It's a funny thing mass hysteria, it often takes on subtle and multiple forms.
The onset of the Coronavirus has faced us with true pandemic management with millions being rendered on lockdown in various parts of the world in an attempt at containment. At home, hand gel and toilet rolls are vanishing off the shelves as people who feel they must do something, employ measures that are more emotional than rational at such a time. The easy conveyance of such a pathogen is the result of modern living. Indeed, the epidemiology of many ‘plague’ type scenarios through history has typically involved some form of exploitation of the animal world and the transmission of cross species pathogens facilitated by improved transport and communications. When one can traverse the world in a couple of days, a virus with a 14-day incubation, has an opportunity to truly get a hold.
That said, we have to keep a level head on the numbers. We should neither be complacent about worst scenario figures, nor panicked. Hundreds of thousands of people die each year as a result of seasonal flu. Around 50,000 people a year die across Europe as a result of gastrointestinal bleeds from the use of aspirin calculated to thin the blood to reduce heart attack risk. Half a million potential deaths were anticipated from BSE yet under 200 occurred. Yes, homo-sapiens are mortal and ultimately must succumb to something at some point and the numbers, when writ large across all populations, instead of being considered in the small scale of our own modest lives, can invoke panic of apocalyptic proportions. It is this fear, (one can only surmise, giving rise to the concomitant need for toilet rolls) that makes people seek certainty, when governments can rarely give this in an evolving situation.
Anyone who has read Albert Camus’ The Plague, will better understand the psychological adaptation that populations must undertake to accommodate unprecedented events that take their course and from which there are casualties and survivors, ultimately resulting in collective community action prevailing over individual concerns. With many shelves empty, we are far from there yet. Then we have those with religious zealotry who will see this as reflective of the end of the world and the virus itself in anthropomorphic form of one of the four horsemen! It’s a fierce mix. Add in our modern speed of communication and tendency for media hype of the news agencies who currently work less on fact and more on emotion and we have a white-knuckle ride ahead.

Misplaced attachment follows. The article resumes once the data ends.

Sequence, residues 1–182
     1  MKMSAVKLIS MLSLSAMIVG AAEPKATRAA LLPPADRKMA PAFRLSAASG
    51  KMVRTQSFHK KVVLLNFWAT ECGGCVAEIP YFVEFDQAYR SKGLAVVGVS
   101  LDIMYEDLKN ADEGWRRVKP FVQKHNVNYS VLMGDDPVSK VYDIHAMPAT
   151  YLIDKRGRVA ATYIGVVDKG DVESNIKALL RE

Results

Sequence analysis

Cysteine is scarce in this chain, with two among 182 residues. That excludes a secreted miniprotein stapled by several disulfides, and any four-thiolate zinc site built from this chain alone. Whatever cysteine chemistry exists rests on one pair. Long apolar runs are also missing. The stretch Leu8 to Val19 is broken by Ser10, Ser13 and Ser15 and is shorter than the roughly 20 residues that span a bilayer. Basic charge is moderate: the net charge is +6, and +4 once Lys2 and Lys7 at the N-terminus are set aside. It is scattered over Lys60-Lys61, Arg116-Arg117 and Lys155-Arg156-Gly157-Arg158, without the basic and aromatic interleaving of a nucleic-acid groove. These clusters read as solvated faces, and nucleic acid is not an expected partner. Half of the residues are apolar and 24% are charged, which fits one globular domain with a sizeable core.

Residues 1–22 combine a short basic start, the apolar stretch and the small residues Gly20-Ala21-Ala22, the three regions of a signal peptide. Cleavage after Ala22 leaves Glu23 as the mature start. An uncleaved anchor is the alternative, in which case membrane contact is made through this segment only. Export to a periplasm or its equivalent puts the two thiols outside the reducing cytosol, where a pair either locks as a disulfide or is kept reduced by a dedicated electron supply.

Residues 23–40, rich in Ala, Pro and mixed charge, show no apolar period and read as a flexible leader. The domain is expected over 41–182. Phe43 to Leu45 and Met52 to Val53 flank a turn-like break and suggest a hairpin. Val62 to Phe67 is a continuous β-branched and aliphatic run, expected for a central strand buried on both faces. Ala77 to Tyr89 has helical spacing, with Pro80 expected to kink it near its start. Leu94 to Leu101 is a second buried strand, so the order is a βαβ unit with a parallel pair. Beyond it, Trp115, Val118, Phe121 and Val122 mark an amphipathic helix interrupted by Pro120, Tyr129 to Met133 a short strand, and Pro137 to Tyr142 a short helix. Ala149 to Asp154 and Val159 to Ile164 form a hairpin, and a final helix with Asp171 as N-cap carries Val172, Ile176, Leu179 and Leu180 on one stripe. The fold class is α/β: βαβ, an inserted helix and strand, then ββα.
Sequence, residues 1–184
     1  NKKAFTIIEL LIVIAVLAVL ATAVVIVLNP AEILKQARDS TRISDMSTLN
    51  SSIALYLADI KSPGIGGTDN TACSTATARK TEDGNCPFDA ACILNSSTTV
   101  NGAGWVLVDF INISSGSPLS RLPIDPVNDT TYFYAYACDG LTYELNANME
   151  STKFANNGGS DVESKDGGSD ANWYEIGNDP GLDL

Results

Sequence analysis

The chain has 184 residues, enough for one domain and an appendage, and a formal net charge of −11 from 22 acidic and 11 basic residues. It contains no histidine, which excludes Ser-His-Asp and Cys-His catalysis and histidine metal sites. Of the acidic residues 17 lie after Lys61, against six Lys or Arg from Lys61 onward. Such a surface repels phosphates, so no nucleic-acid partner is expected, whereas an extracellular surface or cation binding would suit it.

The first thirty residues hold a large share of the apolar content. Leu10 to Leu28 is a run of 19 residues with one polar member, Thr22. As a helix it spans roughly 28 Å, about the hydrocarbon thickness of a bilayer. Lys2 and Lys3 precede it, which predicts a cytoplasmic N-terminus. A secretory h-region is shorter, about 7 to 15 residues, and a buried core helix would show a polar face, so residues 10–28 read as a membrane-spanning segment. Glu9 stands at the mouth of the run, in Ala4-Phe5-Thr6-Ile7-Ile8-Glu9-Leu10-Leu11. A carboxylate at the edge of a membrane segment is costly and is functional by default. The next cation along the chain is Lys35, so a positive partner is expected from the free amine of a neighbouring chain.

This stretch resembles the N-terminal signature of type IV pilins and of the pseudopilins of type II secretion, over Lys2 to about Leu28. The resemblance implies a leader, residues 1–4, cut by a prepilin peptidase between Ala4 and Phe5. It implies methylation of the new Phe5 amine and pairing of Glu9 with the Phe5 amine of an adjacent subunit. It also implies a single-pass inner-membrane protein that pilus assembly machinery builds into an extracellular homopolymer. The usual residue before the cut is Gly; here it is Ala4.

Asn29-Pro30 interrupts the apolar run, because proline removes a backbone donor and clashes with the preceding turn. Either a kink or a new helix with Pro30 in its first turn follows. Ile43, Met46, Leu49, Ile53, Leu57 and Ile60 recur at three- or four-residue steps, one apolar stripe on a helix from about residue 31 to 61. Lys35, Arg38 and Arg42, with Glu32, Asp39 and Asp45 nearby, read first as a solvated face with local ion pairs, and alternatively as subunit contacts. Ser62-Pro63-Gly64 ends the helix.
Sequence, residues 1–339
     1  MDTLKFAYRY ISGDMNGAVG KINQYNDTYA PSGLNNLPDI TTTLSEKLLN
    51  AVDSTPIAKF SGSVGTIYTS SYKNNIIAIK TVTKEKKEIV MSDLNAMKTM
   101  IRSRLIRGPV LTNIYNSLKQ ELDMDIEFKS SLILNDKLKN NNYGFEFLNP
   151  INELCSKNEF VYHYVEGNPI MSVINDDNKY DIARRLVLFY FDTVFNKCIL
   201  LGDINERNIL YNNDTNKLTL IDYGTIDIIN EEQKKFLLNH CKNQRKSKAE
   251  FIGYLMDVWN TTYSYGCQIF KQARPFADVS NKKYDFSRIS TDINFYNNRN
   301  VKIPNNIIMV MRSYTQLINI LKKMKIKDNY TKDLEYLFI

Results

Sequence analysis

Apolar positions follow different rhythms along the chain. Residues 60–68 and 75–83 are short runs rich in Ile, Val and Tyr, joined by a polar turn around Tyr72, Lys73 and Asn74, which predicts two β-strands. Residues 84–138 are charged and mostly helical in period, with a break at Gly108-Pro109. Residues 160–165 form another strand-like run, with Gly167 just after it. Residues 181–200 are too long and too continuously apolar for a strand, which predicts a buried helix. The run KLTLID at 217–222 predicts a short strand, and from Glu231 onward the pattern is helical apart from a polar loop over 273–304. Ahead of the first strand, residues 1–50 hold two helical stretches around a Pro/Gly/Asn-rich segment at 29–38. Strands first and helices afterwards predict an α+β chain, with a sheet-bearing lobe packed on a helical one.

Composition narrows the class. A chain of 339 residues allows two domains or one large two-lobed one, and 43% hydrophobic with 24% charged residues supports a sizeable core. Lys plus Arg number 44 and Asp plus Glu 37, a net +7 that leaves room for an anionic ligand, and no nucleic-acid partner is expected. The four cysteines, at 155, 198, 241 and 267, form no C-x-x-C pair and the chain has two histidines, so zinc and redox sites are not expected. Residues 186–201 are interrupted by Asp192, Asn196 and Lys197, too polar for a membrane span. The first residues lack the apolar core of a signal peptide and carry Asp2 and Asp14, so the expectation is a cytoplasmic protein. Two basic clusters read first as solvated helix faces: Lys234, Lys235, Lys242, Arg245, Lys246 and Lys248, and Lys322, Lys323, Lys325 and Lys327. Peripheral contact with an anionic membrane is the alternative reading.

Whilst survival is assured for most, the social and economic effects may take years to assimilate. Our key substantive challenge remains that of capacity and overwhelm of key healthcare resources for the very sick during high demand periods. Something that will impact on all healthcare delivery, potentially producing a death rate that is not just from the virus.
One thing is clear, this virus has made humankind sign up for a refresher course in basic hygiene, wherein maintaining clean hands is the one key thing one can do to prevent viral transmission. It was ever thus. More E. Coli, Salmonella, Fecal Colophons and myriad other potentially disease-causing organisms are transmitted by poor hand hygiene than just about any other routine human practice. Equally, a key potential form of hand to face transmission is the modern mobile phone which can contain so much bacteria resident operating systems should perhaps give users periodic warnings!
Professionals, academics and others will document and learn from the Covid19 virus for years to come. A certain beer company may have record sales or possibly go bust simply from guilt by association. Markets will plummet and recover ultimately. Whatever happens, the message of ‘keep calm and wash your hands’ may be a truism but the learned lesson ‘keep calm and avoid complacency henceforth’, is probably more than many are prepared to countenance.
Statistically, viruses take their toll every day and if you are a victim or someone close to you is, that is truly a tragedy. Relatively minor increases in virulence can bring nations and economies to a standstill. We live longer than previous generations and depend more on health care systems that are now easily overloaded. The vulnerable need protection and help, without doubt. To make it all work there is a real need for each and every one of us to keep our feet on the ground and take responsibility for being part of a global community. One that can move pathogens around the world within a day. We need to increasingly recognise the need to be sensible about our lifestyles and behaviour, not just for the period of this virus, but every day of our lives. We have to face the possibility that with a warmer, moister, changing climate, this is not going to be an isolated event. Hysteria, blame and knee jerk theories in the moment will never be as effective as responsible, sensible, basic measures for all.